Wednesday, 18 January 2017

Speaking Tree - Service Is The Highest Form Of Self-Expression

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Speaking Tree - Service Is The Highest Form Of Self-Expression


With elections round the corner, we, the people, are witnessing not only the familiar and seasonal vote bank politicking and pre-election freebies, but also public leadership reeking of self-aggrandisement, inflated ego and recklessness. 

These are so far removed from Gandhiji’s precepts and his leading the Civil Disobedience Movement during the Independence struggle as ‘Chief Servant of the Nation’.

Political leaders like Nehru, Radhakrishnan, Rajendra Prasad, Ambedkar and Lal Bahadur Shastri were public servants first. 

We have business leaders who are role models, like Azim Premji of Wipro and Narayanamurthy of Infosys. Spiritual icons like Sri Sri Ravi Shankar, Maulana Wahiddudin Khan and others like them are working to bring disparate groups together and get them to live in harmony.

Those of noble intentions from the past like Florence Nightingale who nursed soldiers during the Crimean war; Anne Sullivan, who mentored Helen Keller into becoming one of the most influential people in history and Albert Schweitzer, with his philosophy of “Reverence for Life”, cannot be easily forgotten.

Increasingly, though, we find that those who hold public office do not care much for accountability or selfless service. 

Even in a democracy like India, those who get elected to high offices let power go to their heads and they forget why they are there in the first place.

Today, self-promotion and sycophancy of those in governance have become hurdles to true empowerment of the people.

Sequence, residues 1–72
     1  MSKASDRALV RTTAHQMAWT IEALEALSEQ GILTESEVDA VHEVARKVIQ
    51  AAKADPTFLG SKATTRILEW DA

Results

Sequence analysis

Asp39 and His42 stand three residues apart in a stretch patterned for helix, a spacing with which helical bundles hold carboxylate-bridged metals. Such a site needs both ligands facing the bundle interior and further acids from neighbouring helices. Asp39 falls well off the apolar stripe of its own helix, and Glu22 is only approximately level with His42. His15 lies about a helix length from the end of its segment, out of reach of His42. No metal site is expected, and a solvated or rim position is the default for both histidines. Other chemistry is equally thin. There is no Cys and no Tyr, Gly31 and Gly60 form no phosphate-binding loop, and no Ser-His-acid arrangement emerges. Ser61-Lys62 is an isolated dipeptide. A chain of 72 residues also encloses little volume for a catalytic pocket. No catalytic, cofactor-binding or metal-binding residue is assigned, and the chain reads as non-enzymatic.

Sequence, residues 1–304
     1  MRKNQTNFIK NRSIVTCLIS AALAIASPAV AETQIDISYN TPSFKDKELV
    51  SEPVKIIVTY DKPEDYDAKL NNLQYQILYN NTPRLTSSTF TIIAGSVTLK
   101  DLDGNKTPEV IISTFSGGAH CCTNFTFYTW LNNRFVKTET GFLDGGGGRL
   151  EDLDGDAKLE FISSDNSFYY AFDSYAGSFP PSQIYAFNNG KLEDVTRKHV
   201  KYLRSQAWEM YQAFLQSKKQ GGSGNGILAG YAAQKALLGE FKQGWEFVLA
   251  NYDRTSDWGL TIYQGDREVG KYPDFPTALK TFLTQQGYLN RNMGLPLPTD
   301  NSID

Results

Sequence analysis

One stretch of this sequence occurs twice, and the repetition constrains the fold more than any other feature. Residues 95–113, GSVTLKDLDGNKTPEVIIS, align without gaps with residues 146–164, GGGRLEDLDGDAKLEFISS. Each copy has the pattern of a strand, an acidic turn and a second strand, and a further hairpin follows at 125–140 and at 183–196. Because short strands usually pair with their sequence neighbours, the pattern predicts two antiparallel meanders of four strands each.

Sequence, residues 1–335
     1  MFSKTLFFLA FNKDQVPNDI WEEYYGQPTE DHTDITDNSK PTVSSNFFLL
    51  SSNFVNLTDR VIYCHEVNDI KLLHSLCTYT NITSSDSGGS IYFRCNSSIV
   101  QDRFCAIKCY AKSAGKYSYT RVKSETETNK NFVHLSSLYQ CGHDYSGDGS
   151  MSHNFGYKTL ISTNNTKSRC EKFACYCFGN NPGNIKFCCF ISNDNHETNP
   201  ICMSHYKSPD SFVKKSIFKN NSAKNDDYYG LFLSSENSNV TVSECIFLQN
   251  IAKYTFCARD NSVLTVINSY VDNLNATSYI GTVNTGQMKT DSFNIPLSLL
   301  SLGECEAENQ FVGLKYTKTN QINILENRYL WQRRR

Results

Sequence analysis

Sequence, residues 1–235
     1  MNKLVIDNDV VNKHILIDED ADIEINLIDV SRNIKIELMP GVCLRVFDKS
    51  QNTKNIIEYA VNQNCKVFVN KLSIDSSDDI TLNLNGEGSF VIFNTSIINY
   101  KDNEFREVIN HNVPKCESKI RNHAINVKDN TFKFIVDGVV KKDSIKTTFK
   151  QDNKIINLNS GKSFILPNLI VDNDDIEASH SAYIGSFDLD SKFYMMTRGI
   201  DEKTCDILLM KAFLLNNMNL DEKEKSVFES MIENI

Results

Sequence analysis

While we live in a politico-cultural milieu in which individuality and fearless self-expression, personal growth and development are important aspects, there is the danger of not being able to take these forward to a larger constituency to include all people and not just individuals or select communities. 

To be able to promote common good, we need to revisit the values of selflessness and compassion that will only promote greater democratic expressions.

At first sight this might appear strange. Does not self-expression mean that we reach the heights in our career through ruthless competition and self-promotion, in any which way possible? 

Education then becomes a key to personality growth and self-development that manifests in relentless promotion of self. 

But what is missing is self-expression that flows from self-giving. But it is the highest form of self-expression. It may involve some amount of sacrifice, but the final outcome can only bring benefit to all, including oneself.

Many good people sometimes rather depressingly feel that all they do and say are mere drops in the ocean, when surrounded by such a sea of misery and despair. 

But, deep down, they know they are following a call, taking forward a divine inspiration and intervention in their own lives and that of others. 

If they treat the work they do and the help they give to others as a divine calling, it becomes a form of self-expression that is divine.

 Aid workers to this day go to zones of conflict and war to give humanitarian assistance -- not for ulterior motives but to save lives. 

Sometimes, they even put themselves in the line of fire, extending a helping hand to those in need, hoping for the best. But service is more than just a humanitarian call. 

It is a divine call. That is why the prayer of St. Francis of Assisi: “Master, grant that I might never seek so much to be served as to serve” is the highest form of prayer.
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